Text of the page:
In Children of Eden: Rowan is a Second Child in a world where population control measures make her an outlaw, marked for death. She can never go to school, make friends, or get the eye implants that will mark her as a true member of Eden. Her kaleidoscope eyes will give her away to the ruthless Center government.
Outside of Eden, Earth is poisoned and dead. All animals and most plants have been destroyed by a man-made catastrophe. Long ago, the brilliant scientist Aaron al Baz saved a pocket of civilization by designing the EcoPanopticon, a massive computer program that hijacked all global technology and put it to use preserving the last vestiges of mankind. Humans will wait for thousands of years in Eden until the EcoPan heals the world.
As an illegal Second Child, Rowan has been hidden away in her family’s compound for sixteen years. Now, restless and desperate to see the world, she recklessly escapes for what she swears will be only one night of adventure. Though she finds an exotic world, and even a friend, the night leads to tragedy. Soon Rowan becomes a renegade on the run – unleashing a chain of events that could change the world of Eden forever. – Goodreads
Children of Eden Review
When every human must be accounted for, and everything is kept track of, a second child is a danger. Not only to their family, but to the delicate system that has been put in place to protect humanity. Second children are a burden on a system that is already working towards population reduction to survive long enough. Well, supposedly. Possibly. Maybe. But the more Rowan – a second child – learns about the world outside her family home, the more confused she gets.
Children of Eden could be a trope ridden mess. The potential is there. It is a young adult dystopian novel with a strong female protagonist. The heroine who finds herself in a position to make a difference for the world. There’s even a tinge of a possible love triangle involved. Something bad has happened to the world, and it’s struggling to repair itself. In Eden, people live in districts – circles – and some are more privileged than others. As I said, it could be a trope ridden mess. It’s got the framework in place. Oh yes, and the made up swear words are ridiculous and detract from the seriousness of the story.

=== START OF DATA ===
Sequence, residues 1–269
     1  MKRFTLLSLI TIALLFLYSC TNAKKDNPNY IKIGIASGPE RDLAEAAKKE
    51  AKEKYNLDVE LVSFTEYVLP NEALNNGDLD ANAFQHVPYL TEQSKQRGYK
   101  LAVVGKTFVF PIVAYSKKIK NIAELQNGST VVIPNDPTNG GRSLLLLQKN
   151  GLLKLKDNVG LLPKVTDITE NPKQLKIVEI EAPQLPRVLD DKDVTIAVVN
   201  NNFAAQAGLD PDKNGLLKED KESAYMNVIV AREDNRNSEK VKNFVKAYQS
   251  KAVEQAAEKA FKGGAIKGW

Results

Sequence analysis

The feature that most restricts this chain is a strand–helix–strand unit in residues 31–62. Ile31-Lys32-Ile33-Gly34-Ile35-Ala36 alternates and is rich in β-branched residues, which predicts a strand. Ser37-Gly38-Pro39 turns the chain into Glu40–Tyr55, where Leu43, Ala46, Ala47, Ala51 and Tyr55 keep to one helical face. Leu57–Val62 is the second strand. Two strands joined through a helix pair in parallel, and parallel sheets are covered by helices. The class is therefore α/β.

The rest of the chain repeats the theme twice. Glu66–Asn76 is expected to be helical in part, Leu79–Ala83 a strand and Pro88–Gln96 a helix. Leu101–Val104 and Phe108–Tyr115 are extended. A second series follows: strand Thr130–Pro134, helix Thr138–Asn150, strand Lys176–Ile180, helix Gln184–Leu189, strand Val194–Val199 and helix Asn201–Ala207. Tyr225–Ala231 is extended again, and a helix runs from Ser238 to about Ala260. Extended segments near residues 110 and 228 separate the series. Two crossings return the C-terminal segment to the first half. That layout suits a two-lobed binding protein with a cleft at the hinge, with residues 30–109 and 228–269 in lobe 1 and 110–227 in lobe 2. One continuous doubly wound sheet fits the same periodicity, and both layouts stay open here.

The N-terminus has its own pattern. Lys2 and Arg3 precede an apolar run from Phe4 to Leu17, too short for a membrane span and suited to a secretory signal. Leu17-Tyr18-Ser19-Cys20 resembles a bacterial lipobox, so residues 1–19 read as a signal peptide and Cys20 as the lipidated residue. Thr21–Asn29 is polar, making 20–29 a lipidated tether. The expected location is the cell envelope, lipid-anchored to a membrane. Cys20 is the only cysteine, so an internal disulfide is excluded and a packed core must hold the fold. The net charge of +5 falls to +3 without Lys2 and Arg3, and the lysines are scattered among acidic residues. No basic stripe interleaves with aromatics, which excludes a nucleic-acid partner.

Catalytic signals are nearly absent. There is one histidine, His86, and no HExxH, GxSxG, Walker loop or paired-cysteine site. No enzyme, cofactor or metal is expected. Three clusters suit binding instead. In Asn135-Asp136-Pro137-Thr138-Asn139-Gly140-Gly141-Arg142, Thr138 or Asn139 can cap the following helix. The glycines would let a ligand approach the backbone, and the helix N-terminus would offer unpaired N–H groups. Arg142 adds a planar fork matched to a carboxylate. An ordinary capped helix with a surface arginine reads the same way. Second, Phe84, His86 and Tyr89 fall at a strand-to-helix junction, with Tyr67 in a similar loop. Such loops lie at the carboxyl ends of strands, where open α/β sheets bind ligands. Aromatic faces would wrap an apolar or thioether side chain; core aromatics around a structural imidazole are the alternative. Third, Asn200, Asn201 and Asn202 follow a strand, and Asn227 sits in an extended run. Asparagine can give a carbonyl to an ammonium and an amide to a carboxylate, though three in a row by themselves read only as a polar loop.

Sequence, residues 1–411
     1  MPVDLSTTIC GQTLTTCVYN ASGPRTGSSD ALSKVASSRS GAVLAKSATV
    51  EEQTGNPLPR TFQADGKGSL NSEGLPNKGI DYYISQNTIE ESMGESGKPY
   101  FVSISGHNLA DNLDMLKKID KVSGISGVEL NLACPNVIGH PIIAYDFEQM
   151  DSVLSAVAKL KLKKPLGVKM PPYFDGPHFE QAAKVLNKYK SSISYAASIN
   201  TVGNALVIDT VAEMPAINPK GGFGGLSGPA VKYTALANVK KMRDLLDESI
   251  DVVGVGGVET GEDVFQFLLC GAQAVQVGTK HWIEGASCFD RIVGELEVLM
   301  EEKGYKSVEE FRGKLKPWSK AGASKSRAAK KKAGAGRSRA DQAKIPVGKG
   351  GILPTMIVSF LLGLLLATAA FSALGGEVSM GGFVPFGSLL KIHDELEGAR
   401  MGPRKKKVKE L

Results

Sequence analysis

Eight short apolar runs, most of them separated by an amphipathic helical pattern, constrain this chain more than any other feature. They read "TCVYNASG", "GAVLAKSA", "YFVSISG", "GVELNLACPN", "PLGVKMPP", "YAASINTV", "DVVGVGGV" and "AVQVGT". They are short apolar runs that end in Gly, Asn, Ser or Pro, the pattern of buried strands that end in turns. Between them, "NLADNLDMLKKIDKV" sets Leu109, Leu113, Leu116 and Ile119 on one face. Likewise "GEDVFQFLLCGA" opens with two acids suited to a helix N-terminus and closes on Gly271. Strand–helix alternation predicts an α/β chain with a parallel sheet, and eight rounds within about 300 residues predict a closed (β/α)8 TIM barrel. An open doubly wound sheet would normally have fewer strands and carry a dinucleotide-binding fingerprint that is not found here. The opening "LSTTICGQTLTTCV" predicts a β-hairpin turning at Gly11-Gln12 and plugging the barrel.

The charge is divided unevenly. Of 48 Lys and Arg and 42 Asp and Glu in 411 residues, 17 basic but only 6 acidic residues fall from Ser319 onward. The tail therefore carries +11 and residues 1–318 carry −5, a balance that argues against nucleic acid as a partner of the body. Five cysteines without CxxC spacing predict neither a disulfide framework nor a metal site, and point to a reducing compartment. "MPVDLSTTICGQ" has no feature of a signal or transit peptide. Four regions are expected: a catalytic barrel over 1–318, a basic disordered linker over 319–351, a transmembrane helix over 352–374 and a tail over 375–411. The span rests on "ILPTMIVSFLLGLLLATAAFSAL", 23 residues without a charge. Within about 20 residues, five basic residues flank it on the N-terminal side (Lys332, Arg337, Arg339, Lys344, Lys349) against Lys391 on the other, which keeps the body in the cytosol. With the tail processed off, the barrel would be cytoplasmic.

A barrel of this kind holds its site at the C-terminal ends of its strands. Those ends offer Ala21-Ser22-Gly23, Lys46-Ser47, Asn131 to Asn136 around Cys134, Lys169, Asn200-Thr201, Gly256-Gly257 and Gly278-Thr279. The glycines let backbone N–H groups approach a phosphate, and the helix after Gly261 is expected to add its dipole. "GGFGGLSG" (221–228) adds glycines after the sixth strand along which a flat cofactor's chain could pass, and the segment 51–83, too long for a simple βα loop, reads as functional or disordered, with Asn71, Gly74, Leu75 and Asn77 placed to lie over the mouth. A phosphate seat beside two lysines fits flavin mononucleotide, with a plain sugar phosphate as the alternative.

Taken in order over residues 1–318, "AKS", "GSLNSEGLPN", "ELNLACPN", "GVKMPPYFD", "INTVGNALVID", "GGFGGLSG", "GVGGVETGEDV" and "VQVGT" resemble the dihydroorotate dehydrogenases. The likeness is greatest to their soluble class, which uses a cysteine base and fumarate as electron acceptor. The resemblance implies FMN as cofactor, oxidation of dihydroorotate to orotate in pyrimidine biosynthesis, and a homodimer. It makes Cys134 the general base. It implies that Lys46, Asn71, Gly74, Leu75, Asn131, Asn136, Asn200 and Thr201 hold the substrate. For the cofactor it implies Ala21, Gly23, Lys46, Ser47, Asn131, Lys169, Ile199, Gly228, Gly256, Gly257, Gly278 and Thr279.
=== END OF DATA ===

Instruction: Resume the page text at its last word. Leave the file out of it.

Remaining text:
But, it’s not.
Instead, Children of Eden is a refreshing read. It re-opens weary eyes to the possibilities for adventure found within this sub-genre of YA novels. It gives us a heroine who has not come from a dirt-poor background, with some nigh unto magical skill or ability. Instead, Rowan seems very much a normal girl who had the bad luck to become a second child, with all the stress that entailed. She’s dangerously thoughtless at times, a bit selfish at others. Intelligent but unskilled in many things that would save her life. Not a special snowflake in any sense of the word. She’s a normal girl.
The plot is straightforward enough. The action is simple. The authors aren’t given to losing themselves in paragraphs of needless description. The characters are ones you instinctively like (or hate when you’re supposed to hate). The pace is solid, the dialogue not intolerable.
While it didn’t blow me away, it kept me well and truly interested, which is more than I can say for a lot of these novels nowadays. I would have liked to have seen a bit more originality in it, but given what they were working with, they did a great job. There were a few things I didn’t like, of course, like the reinforcement of prejudice towards an already targeted group of people, but I can’t go into them without possibly spoiling some of the book. So let’s just say I’m not blind to its flaws, but I can appreciate it for what it is.
Joey Graceffa and Laura L. Sullivan give us a proper dystopian novel, even if they are evil and end it on a huge cliffhanger. From the wonderfully captivating cover to the characters and plot twists within, Children of Eden does a fantastic job of being a book that a reader will keep coming back to.